It is His longsuffering love for the covenant people that causes Him to enter into the diatribe of Malachi. He starts the conversation with His own character (cf. 3:6). See SPECIAL TOPIC: CHARACTERISTICS OF ISRAEL'S GOD at Joel 2:13.

"But you say" This formula (most are Qal perfects) is repeated several times throughout the book (vv. 2,6 [twice],12,13; 2:14 [twice],17; 3:7,8,13,14) and forms the structure of the literary technique used by this author to communicate truth (i.e. diatribe). The rabbis used this very same question and answer form in the Talmud. Malachi is often called "the Hebrew Socrates" because of this particular form of teaching. This is very similar to Paul, James, and John's use of diatribe in the books of Romans, James, and I John.

"How has Thou loved us" This question highlights the underlying resentment that most of the returnees felt toward God for the difficult times they faced after they, in faith, left Babylon and returned to Judah. They were only a remnant of the exiled Jewish community. They were the ones who left everything to return.

1:3 "Yet I have hated Esau" Paul quotes this in Rom. 9:13. Easu (i.e. Edom) stands for all non-covenant people, especially the enemies of God's people! The verb (BDB 971, KB 1338, Qal perfect) is apparently a Hebrew idiom of comparison (cf. Gen. 29:30-32; Deut. 21:15-18; Prov, 13:24; Matt. 6:24; 10:37; Luke 14:26, see Hard Sayings of the Bible, pp. 347-348). This is not a rejection of individuals (same as Romans 9), but a way of showing the removal of a traditional, national enemy of the covenant people.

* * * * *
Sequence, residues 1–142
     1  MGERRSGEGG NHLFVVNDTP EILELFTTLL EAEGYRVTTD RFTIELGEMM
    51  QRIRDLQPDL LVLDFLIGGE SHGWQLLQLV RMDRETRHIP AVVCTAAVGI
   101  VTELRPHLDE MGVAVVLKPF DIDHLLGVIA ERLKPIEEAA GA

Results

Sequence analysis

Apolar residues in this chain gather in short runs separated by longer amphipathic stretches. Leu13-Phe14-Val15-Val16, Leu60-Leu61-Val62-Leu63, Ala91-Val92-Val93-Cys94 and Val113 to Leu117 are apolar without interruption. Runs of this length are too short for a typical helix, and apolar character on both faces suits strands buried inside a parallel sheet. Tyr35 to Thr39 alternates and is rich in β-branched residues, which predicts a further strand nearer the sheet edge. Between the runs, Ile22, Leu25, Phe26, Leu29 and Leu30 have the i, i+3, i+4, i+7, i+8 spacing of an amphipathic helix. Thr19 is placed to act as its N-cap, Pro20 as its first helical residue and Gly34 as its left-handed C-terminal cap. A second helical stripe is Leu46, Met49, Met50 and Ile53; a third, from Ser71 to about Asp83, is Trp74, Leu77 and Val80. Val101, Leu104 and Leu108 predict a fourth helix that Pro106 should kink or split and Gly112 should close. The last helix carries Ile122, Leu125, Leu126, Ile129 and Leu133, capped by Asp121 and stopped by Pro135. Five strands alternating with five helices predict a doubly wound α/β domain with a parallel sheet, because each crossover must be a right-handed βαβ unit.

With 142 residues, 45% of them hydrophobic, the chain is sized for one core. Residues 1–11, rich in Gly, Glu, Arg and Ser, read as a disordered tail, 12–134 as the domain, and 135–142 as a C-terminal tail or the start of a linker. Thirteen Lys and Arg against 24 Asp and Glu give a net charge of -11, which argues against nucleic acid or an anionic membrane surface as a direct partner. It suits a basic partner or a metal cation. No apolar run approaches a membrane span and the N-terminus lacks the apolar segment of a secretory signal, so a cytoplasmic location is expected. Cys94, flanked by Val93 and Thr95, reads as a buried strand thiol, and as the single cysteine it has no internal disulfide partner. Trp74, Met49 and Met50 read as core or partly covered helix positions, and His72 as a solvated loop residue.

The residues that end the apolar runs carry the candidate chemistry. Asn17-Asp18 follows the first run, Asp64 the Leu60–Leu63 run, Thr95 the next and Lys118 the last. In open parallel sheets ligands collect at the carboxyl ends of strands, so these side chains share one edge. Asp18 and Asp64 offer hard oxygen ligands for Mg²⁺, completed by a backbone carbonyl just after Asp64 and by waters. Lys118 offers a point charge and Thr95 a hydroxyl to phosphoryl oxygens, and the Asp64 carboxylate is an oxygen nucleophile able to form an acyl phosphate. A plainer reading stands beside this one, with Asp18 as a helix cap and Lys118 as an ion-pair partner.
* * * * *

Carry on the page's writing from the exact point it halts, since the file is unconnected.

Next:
NASB"and appointed his inheritance for the jackals of the wilderness"
NKJV"his inheritance for the jackals of the wilderness"
NRSV"his heritage a desert for jackals"
TEV"abandoned the land to jackals"
NJB"his heritage into dwellings in the wastelands"

The NKJV follows the MT. The NJB follows the Septuagint. The JPSOA says the Hebrew is uncertain and translates it as "his territory a home for beasts of the desert." The theological concept behind this statement is twofold:

1. total destruction, no human population

2. the presence of the demonic (i.e., cursed)

See Introduction to Obadiah for a complete list of prophecies against Edom.


1:4 "Though Edom says" Edom was a descendant of Esau (cf. Gen. 36:1).

▣ "They may build, but I will tear down" Edom was a proud nation (cf. Jer. 49:14-22; Obad. vv. 1-4). Most biblical historians see this as a prediction of the Nabatean invasion of Edom (500-450 b.c., cf. I Maccabees, chap. 4 and 5).


The NIDOTTE, vol. 1, p. 1129, says of this verb (BDB 276, KB 277, Qal perfect) that God is usually the subject and the object is usually personal. Faith is personal, rebellion is personal because God is personal.

"forever" YHWH was angry at Israel for a period (cf. Romans 9-11), but He was angry with Edom "forever." See Special Topic below.


1:5 This expresses the historical evidence of God's sovereignty over all nations. In the ancient Near East gods were worshiped within national contexts and national boundaries (i.e., II Kgs. 5:17). If one nation defeated another, then the victor's god was considered to be more powerful. Israel's defeat by her neighbors was seen as their gods being more significant. The plagues on Egypt were intended to demonstrate the opposite!

This text's theological significance lies in

1. YHWH's power over other nations (cf. Job 12:23)

2. YHWH's power over all nations (i.e., Deut. 32:8; Amos 9:7; Acts 17:26)

This is true because He is the only God, the only Creator, the only Savior.

NASB"be magnified"
NKJV"is magnified"
NRSV"great is"
TEV, NJB"is mighty"

This verb (BDB 152, KB 178) is a Qal imperfect used in a jussive sense. It is often used to describe YHWH (cf. II Sam. 7:22; Ps. 35:27; 40:16; 70:4; 104:1; Micah 5:4); it is used as an adjective in Deut. 3:24; Ps. 48:1; 86:10. YHWH wants "the nations" to know Him, but He protects Israel in a special way until she brings forth the Messiah.